Causes of Leprosy, Know How It’s Transmitted

The causes of leprosy need to be watched out for even though cases of this disease are decreasing. Leprosy or leprosy is a skin disease that can damage nerves and muscles. Leprosy will cause rashes, lesions, and ulcers on the skin.

Leprosy is one of the oldest diseases in history. The first known written reference to leprosy is from about 600 BC. This explains that the cause of leprosy or leprosy has existed for hundreds of years and is still being found today.

The cause of leprosy or leprosy can be treated with appropriate and intensive treatment. Despite its infectious reputation, the cause of leprosy or leprosy can be prevented and cured.

Leprosy is caused by the bacteria Mycobacterium leprae (M. leprae) or Mycobacterium lepromatosis (M. lepromatosis). This disease mainly attacks the skin, peripheral nerves, mucosal surfaces of the upper respiratory tract and eyes. This mycobacterium can grow slowly.

Leprosy is known to occur at all ages from childhood to very old age. The cause of leprosy or leprosy can be contagious even before it is detected. Even so leprosy can be cured and early treatment by preventing most of the disability.

According to WHO, the exact mechanism of transmission of leprosy is unknown. At least until recently, the most widely held belief was that the disease was transmitted through contact between an infected person and a healthy person. This usually occurs when a person sneezes or coughs.

Scientists believe it is captured by droplets of moisture passing through the air from a person who has leprosy but has not yet started treatment.

The bacteria that cause leprosy reproduce very slowly. The disease has an average incubation period (time between infection and the appearance of the first symptoms) of five years. Symptoms may not appear for 20 years.

Recently the possibility of transmission through the respiratory tract has increased. There are also other possibilities such as transmission through insects which cannot be completely ruled out.

This disease is actually difficult to transmit, but close and repeated contact with untreated people for a longer period of time can lead to contracting leprosy.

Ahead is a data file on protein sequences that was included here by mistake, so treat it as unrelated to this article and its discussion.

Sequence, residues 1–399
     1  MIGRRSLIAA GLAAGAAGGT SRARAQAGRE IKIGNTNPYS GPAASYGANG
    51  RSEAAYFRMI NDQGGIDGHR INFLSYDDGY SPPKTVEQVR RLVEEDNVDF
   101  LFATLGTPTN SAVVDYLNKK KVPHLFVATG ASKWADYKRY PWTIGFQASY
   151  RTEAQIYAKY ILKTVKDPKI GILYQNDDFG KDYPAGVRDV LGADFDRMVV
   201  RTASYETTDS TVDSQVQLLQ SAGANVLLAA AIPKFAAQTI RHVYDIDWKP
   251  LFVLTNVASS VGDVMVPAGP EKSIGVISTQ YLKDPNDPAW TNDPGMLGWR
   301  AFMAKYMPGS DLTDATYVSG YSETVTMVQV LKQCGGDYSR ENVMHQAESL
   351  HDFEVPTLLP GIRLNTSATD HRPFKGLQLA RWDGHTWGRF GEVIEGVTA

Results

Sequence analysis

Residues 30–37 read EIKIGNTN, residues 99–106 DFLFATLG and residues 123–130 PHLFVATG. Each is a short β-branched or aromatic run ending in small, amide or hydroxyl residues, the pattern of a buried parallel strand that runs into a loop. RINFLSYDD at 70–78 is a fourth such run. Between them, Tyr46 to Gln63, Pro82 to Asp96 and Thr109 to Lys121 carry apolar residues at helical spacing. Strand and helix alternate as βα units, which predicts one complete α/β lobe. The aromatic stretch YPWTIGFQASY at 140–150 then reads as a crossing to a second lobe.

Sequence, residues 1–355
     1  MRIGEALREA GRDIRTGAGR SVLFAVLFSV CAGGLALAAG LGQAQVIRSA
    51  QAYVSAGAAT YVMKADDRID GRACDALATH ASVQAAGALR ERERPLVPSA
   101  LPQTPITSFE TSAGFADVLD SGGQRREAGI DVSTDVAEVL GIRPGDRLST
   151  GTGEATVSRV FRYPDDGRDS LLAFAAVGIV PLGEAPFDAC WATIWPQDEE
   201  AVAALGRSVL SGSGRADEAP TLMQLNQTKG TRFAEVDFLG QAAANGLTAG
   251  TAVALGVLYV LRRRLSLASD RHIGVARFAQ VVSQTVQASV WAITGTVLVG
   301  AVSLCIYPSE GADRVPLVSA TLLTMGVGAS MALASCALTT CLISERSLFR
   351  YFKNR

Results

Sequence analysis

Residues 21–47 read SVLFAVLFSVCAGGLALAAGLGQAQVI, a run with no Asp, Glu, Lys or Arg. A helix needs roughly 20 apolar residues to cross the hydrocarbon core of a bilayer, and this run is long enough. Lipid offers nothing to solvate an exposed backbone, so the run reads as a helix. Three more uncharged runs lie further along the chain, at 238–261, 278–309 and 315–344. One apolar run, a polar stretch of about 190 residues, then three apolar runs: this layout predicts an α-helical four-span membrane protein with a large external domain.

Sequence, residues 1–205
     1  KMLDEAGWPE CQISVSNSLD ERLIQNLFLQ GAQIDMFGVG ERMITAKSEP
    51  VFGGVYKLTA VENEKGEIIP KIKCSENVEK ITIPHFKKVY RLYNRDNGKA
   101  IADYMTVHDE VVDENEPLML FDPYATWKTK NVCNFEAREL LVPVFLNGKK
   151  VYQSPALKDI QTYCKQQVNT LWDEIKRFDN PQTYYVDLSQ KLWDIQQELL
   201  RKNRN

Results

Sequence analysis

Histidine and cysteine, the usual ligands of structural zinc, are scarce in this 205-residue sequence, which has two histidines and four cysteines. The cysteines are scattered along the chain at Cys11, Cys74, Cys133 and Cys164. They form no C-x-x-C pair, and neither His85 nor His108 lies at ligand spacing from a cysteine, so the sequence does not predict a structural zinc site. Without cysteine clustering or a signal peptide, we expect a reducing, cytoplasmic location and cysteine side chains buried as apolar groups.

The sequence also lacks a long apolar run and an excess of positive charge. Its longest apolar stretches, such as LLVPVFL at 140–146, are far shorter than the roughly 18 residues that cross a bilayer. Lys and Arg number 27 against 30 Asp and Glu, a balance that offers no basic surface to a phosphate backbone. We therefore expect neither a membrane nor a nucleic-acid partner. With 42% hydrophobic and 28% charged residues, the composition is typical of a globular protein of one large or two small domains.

There is a lot of stigma around saying leprosy is a punishment or a curse. Many people also think leprosy can be transmitted easily just like that. Leprosy is not a curse, a hereditary disease, and cannot be transmitted by a brief touch.

It takes long-term contact with someone with untreated leprosy for months to catch the disease. According to the CDC, a person cannot get leprosy from casual contact with people who have leprosy, such as shaking hands or hugging, sitting next to each other on the bus, or sitting together while eating.

The cause of leprosy or leprosy is also not passed down from mother to her unborn baby during pregnancy nor is it spread through sexual contact.

The best way to prevent leprosy is to avoid long-term and close contact with untreated leprosy sufferers.

Symptoms of leprosy can be different for each individual. The main symptoms of leprosy include:
– The appearance of minor lesions on the skin and persist for weeks or months.
– patches of skin with reduced sensations, such as touch, pain, and heat.
– muscle weakness
– numbness in hands, feet, legs and arms
– eye problems
– enlarged nerves, especially in the elbows or knees
– stuffy nose and nosebleed
– curl finger and thumb
– boils on the soles of the feet.

A person may be unaware of having a burn or injury to the skin. This is due to numbness due to nerve damage.

Further Complications Due to Leprosy
Delayed diagnosis and treatment can lead to serious complications. Without treatment, leprosy can damage the skin, nerves, arms, legs, feet, and eyes permanently.

Wounds on the skin caused by leprosy or leprosy are more likely to be infected, because the immune defenses are weakened by leprosy. This condition can also cause cartilage reabsorption by the body. This creates a secondary infection that can result in tissue loss. This condition leads to a characteristic shortening of the toes and fingers.

Damage to the mucous membranes that line the inside of the nose can sometimes cause internal damage and scarring. Leprosy can also destroy the nerves responsible for blinking. This can cause the eyes to become dry and prone to infection, potentially leading to ulceration and blindness.